During the process of mummification, the soft internal organs of the deceased were removed, individually preserved and placed into separate vessels termed canopic jars.
|Gallery 11 – RHYTON IN THE FORM OF A BULL’S HEAD
(BLMJ 0131)Iron Age, 700-400 BCE
The rhyton in the form of a bull’s head is an example of the type of “trick” vessels popular in Anatolia.
|Gallery 12 – ANTHROMORPHIC VESSEL
(BLMJ 0233)Iron Age II, 900-600 BCE
This anthropomorphic vessel depicts a person holding a spouted libation vessel and was itself used for libations.
|Gallery 13 – NEO-HITTITE FUNERARY STELA
(BLMJ 1060)Neo-Hittite Culture, 950-750 BCE
This stela depicts a man and a woman, probably husband and wife, sitting opposite each other with a table between them.
|Gallery 14 – ROYAL SEAL IMPRESSION
(BLMJ 0830)First Temple Period, 705-701 BCE
Seen here is a jar handle stamped with a royal seal bearing an inscription in the Hebrew language.
|Gallery 15 – STELA OF ENTHRONED KING RECEIVING TRIBUTE
(BLMJ 4206)Neo-Assyrian, ca. 800-700 BCE
The relief depicts an enthroned king holding a cup and receiving tribute from two couriers. Behind the king stands his attendant.
|Gallery 16 – URATIAN PAINTED TITLE
(BLMJ 4230)Neo-Assyrian, 800-700 BCE
This architectural plaque is painted on a baked clay surface.
|Introductory Gallery – FRAGMENTARY VASE IN THE SHAPE OF HEAD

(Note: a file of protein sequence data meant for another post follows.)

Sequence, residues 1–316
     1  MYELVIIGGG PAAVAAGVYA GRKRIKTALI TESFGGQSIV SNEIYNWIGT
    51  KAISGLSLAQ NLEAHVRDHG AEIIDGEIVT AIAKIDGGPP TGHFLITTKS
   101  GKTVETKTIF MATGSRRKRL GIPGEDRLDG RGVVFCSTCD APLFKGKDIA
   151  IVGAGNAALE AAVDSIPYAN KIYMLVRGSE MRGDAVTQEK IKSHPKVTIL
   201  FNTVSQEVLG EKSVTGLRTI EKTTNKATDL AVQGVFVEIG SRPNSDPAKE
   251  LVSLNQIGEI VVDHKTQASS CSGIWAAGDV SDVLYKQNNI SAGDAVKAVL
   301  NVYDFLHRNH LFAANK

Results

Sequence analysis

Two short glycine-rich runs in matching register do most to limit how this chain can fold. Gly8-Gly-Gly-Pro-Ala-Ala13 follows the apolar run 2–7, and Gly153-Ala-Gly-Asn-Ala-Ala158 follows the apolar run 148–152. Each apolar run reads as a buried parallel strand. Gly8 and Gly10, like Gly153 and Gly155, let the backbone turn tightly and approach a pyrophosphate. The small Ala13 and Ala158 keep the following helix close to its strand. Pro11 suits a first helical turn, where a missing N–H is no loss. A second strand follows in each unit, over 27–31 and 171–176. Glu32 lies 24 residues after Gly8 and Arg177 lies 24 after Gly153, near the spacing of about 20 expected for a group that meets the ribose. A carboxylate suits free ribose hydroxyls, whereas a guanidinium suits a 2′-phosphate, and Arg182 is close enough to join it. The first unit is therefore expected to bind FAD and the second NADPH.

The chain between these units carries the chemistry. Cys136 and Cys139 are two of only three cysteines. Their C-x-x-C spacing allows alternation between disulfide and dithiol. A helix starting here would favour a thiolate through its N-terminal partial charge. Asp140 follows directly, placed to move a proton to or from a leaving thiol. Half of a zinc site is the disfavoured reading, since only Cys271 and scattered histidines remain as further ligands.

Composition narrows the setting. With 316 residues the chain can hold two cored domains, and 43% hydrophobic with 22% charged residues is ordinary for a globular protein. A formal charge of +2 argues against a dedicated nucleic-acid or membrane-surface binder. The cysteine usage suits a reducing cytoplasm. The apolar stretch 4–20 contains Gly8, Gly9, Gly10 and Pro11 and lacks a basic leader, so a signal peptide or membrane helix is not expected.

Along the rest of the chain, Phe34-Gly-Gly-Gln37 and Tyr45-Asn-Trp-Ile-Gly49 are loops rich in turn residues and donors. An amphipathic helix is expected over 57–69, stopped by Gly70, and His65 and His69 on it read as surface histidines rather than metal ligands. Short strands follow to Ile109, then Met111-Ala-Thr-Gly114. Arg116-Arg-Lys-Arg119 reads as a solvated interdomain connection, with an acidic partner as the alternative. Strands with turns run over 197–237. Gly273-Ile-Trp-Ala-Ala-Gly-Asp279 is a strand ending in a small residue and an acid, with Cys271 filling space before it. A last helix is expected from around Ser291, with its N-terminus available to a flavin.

(BLMJ 0164)ca. 450 BCE
This splendid vase fragment represents a Lydan of the mid-fifth century BCE wearing huge earrings and with rouged cheeks.
|Passage Gallery – SEATED STATUE OF RAMESSES II
(BLMJ 1055)Nineteenth Dynasty, 1290-1224 BCE
This life-size statue is identified as that of Ramesses II by his name and titulary on the two sides of the throne.
|Gallery 18 – ROMAN “JUDAEA CAPTA” COIN
(BLMJ 2909)71 CE
Portrait of Vespasian.
|Gallery 19 – EGYPTIAN PAINTED SHROUD
(BLMJ 1097)Roman, Ca. 40-70 CE
This shroud covered the mummified body of the woman depicted in the portrait.
|Gallery 20 – GOLD MEDALLION DEOCRATED WITH EAGLE
(BLMJ 3759)Sassanian Empire, 300-600 CE
The Sassanians were excellent silversmiths and goldsmiths, who displayed their imaginative powers to the full in iconography and decoration.
|Gallery 17 – EGYPTIAN APIS BULL
(BLMJ 3928)Third Intermediate to Ptolemaic, 712-30 BCE
The ancient Egyptians equated the bull’s virility with the creative powers of the god Ptah of Memphis.
For general information call: 02-5611066
Museum Opening Hours
Sun., Mon., Tues., Thurs. 9:30 – 17:30
Weds. 9:30 – 21:30
Fri. & Holiday Eves. 9:30 – 14:00
Saturday: 10:00 – 15:00
Holidays – closed
The Museum will be closed on September 11,17,18.
Daily Guided Tours:
English 10:30, Hebrew 11:00.
Additional Tours on Wednesdays: English 17:30, Hebrew 18:00.
Saturday: Please check in advance
Private tours, additional languages and groups by advance reservation.
BLMJ Store Hours
Sun., Mon., Tues., Thurs. 9:30 – 17:30
Weds. 9:30 – 19:30
Fri. & Holiday Eves. 9:30 – 14:00
Saturday Night Music evenings shop opens one hour before show time
Cafe Opening Hours
Sun., Mon., Tues., Thurs. 10:30 – 19:30
Weds. 10:30 – 19:30
Fri. & Holiday Eves. 10:30 – 13:30
Sat. and Holidays – closed